Because I've been reading Pierre Bayard's How To Talk About Books You Haven't Read, a provocatively perverse book that makes a good case for the idea that you don't have to actually read something to know what it is, I was sorely tempted to blog about this past weekend's romantic comedy debut 27 Dresses without actually having seen it.
And I coulda! As it turns out. Problem is, I had already read the script, so this exercise wouldn't have provided quite the fun challenge it should have. And the other thing is, I don't really want to abuse the trust of anyone who reads me regularly. So I dutifully went to the multiplex and once again took one for the team.
Well, it's not that bad. It's not that great, either. 27 Dresses is not that... much of anything, but chances are good it'll make some good money. It's one of those productions I call an Obligatory Movie: it's a film that sooner or later was bound to get made.
The Obligatory Movie announces itself on the script-reading frontlines when you start seeing a whole lot of specs that are more or less variations on the same concept and story -- a phenomenon that occurs more often than you might think, in the belly of the industry beast. In this case, over a period of two or three years, as studio story analyst and screenwriting instructor, I read half a dozen screenplays that had the same title: Always a Bridesmaid. No plagiarism or imitation involved -- each of the six was simply a disparate writer's take on That Movie.
Weird, eh? But not. Here's the two inescapable factors that both created the glut and got Dresses greenlit. One is the pre-existence of what's become an extremely popular sub-genre: the wedding romantic comedy. From Four Weddings and a Funeral back in 1994 (you can blame Richard Curtis and the then-unknown Hugh Grant for kicking things off) through My Best Friend's Wedding, Runaway Bride, My Big Fat Greek Wedding, The Wedding Singer and more recently, Wedding Crashers, to name but a few more notable successes, romantic comedies that exploit the nuptial milieu have been ringing the bells that go ka-ching!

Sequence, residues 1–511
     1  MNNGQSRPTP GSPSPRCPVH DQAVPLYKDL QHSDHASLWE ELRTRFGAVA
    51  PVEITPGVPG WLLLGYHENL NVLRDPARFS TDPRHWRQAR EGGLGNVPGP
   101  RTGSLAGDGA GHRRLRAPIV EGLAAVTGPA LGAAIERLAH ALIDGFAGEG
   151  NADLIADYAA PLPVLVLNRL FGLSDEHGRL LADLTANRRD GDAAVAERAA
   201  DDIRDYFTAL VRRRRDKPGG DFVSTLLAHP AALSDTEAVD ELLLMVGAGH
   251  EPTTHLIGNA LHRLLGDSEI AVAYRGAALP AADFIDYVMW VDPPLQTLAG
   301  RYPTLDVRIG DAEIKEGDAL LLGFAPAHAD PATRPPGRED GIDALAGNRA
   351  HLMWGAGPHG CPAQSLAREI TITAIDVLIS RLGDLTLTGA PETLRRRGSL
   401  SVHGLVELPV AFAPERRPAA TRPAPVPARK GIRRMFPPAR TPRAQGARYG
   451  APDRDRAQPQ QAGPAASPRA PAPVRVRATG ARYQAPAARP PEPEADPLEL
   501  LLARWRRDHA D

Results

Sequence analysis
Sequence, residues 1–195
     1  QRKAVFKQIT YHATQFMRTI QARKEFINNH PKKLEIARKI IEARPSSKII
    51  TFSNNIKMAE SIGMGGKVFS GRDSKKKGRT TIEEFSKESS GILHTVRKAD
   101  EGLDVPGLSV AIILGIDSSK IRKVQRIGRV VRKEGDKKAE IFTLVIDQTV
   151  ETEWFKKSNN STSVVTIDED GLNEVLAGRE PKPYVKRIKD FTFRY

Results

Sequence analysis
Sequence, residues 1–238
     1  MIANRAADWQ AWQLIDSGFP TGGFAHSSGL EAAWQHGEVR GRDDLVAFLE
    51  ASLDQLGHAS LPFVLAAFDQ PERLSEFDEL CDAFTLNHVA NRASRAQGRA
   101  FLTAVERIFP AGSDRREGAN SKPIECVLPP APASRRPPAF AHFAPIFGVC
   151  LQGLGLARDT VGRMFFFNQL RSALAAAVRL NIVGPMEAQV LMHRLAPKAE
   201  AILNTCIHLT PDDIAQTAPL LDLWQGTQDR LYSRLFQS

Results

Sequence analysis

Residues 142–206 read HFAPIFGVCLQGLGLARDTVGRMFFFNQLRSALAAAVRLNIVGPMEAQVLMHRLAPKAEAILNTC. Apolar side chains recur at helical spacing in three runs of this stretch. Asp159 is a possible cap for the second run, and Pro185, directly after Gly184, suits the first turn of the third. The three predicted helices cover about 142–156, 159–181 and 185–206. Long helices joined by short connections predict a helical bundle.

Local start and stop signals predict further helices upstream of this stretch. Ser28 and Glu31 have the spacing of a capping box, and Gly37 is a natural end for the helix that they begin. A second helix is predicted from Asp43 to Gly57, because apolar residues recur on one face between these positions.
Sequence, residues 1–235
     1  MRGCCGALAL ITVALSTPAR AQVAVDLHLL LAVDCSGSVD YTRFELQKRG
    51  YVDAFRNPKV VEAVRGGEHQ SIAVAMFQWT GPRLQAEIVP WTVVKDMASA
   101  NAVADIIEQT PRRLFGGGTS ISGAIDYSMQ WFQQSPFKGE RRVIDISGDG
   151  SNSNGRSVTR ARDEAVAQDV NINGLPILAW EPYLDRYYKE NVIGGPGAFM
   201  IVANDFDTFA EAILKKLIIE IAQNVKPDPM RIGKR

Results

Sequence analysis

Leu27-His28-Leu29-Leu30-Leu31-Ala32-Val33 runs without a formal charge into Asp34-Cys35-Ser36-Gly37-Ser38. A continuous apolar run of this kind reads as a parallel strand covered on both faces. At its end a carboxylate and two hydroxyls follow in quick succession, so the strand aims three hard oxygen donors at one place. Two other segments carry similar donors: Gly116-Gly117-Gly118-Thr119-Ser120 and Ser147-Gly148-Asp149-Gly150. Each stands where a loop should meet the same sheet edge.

The second factor is cultural: in real life, weddings as a commercial concern have been booming in the 2000s, with an industry that's flourished on codifying every aspect of this beloved ritual to the point of outre absurdity: the over-the-top floral arrangements, gift registries, and yes -- those bridesmaid dresses. With its penchant for casting lovelorn misfits as empathetic protagonists, it was only a matter of time before the romantic comedy genre zoomed in on the likeliest exploitable victim of modern wedding madness. And thus, the Obligatory Bridesmaid Movie.
Whatever bloggers or legitimate critics or anyone with opinions may have to say about 27 Dresses, The One That Got Made Before the Others, ultimately it doesn't matter -- there will always be an audience for comfort food entertainment. And Dresses delivers exactly what one might expect from the menu.
Funny weddings montage? Right there at the top. The bridesmaid heroine's wise-cracking best friend? On tap. An eminently marry-able but achingly unattainable Mr. Right (check!)... versus an obnoxious seeming-Mr. Wrong who loves to make fun of weddings? You bet. And say, a cutely dated pop tune to be sung karaoke-style by the leads, en route to realizing that he/she's maybe not so bad after all? Yuh-huh. Will there be dress-fittings, registry-shoppings, wedding dinner food-tastings, set in that imaginary Manhattan one only sees in the movies... with an ethnically diverse cast that'll make this hoary, tattered material seem PC contemporary? Whaddya think?!
Nonetheless, given Katherine Heigl's game performance, a few amusing moments and a couple of dramatic confrontations that could've been legitimately poignant had the dialogue not been so wincingly on-the-nose, it makes little sense to get all snarky at a movie that's merely filling, the rom-com equivalent of an average burger and shake.
No, my only issues with mediocre genre entries like this one are: a) they tend to give our hardy but often belittled genre a bad name -- belittled precisely because the less-good rom-coms are so stupefyingly predictable, and b) if they make enough money, they encourage the studios to make more of the same: unchallenging, play-it-safe pap that shelves any and all imaginative possibilities available to the funny love story genre, in the name of giving people only what they (supposedly) want.
Here's a bad sign: One of the trailers that preceded my 27 Dresses showing was for an upcoming romantic comedy with Patrick Dempsey (Grey's Anatomy is now the official breeding pool for rom-com stars) as a guy whose female best friend --whom he's just realized he's in love with -- asks for his help with her wedding. That's right folks -- are you ready for Made of Honor?
Lord, I wish I weren't.